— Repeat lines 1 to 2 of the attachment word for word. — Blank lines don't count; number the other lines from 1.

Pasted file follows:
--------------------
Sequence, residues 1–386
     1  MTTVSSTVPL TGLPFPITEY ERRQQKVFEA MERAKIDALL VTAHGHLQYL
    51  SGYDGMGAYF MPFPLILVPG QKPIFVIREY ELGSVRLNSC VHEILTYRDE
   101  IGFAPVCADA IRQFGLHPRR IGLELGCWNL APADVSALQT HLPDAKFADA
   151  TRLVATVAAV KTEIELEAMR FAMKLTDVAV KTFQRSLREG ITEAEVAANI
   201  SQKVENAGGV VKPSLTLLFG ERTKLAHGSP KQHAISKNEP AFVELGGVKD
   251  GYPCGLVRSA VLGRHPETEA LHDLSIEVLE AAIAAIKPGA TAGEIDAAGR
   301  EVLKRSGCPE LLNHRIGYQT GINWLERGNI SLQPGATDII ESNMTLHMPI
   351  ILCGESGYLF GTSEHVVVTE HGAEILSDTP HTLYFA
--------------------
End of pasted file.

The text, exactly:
Sequence, residues 1–386
     1  MTTVSSTVPL TGLPFPITEY ERRQQKVFEA MERAKIDALL VTAHGHLQYL